Anyway, in the midst of all this, the gardener who is known as (you guessed it) Gardener (Omar Leyva) shows up and knocks on the door. As you can imagine, this causes all kinds of upheaval for Nobody, who is already very stressed out about having two hostages (not counting the viewers). When CEO answers the door Gardener (with his hat literally in hand) introduces himself and THANKS CEO FOR THE OPPORTUNITY TO WORK ON SUCH BEAUTIFUL LAND. He speaks in accented English, but ends by saying “gracias.” Look out! It’s raining tired tropes! I can’t tell you more, except to say that his character, who is well-acted, doesn’t have the space to develop to even the shallow level of the others and is used solely as a device for the benefit or detriment of the white characters.
So there’s (waves hands) all that. And then there’s the ending that made me internally howl in that special way that only watching women being used as vessels for men’s crap can. At least the whole movie only lasts 90 minutes? If you’re counting in linear time.
Overall Rating on the Chronically Streaming Pain Scale:
This is a fun watch! I mean, assuming your definition of fun stretches to include just wheelbarrows full of people being shot, squished, and otherwise violently killed at a near metronomic pace—which it most certainly should if you’re going to consume anything involving Jack Reacher. I feel like it takes an episode or two for the series to really get its feet under it, but after that it strikes a good balance between violence, thrills, mystery, smart asides, camaraderie, and comedy.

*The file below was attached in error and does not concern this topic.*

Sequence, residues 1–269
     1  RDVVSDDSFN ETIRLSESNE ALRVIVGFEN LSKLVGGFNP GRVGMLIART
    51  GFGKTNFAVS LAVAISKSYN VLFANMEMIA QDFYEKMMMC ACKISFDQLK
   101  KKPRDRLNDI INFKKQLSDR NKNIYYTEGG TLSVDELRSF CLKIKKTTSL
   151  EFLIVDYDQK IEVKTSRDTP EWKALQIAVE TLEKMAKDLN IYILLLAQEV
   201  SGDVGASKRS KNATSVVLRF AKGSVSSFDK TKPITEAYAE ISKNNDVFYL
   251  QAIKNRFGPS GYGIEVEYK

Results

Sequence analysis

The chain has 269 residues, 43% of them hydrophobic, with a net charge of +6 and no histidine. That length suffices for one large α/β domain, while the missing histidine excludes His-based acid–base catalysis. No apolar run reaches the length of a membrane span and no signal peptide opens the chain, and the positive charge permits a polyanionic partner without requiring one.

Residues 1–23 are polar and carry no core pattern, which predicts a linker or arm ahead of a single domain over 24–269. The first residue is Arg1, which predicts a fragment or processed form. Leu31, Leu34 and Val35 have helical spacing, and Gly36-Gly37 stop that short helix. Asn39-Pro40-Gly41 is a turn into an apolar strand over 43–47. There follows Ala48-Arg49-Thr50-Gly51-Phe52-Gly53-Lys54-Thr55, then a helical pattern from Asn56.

Jack Reacher (Alan Ritchson)—an incredibly muscular, 6′ 5″, Genetically Blessed, and very decorated retired Military Police Officer turned tracker—turns up in the small town of Margrave, Georgia looking for some trace of the blues singer Blind Blake and piece of peach pie. Before he satisfies either yen, he’s arrested for murder and questioned by the tweed-suit wearing, Harvard educated, very proper Chief Detective Oscar Finlay (Malcolm Goodwin, who is also Genetically Blessed). Reacher, who raises stoicism to an art form and can read people based on minute details (kinda like a jacked Sherlock Holmes who can kill a man with his bare hands), immediately gets under Finlay’s skin. Finlay, who abhors swearing, does things by the book, and moved to small-town (read: racist) Margrave after a successful 20-year career with the Boston Police Department, immediately irks Reacher. It’s an odd couple match made in television heaven! Quick to see Reacher’s more positive aspects (and I’m not just talking about his body) and uncover his military past is police officer Roscoe Conklin (Willa Fitzgerald), who will be assigned to follow his every move. Gee, I wonder where that kind of constant, close proximity between two attractive, heterosexual people during a highly stressful, highly emotional time could possibly lead? Definitely not to Bang Town. Before you know it, a web of conspiracies, shady dealings, gruesome murders, more gruesomer murders, and villainous schemes has ensnared all of Margrave, and the only one who can untangle the mess? That’s a rhetorical question, obviously.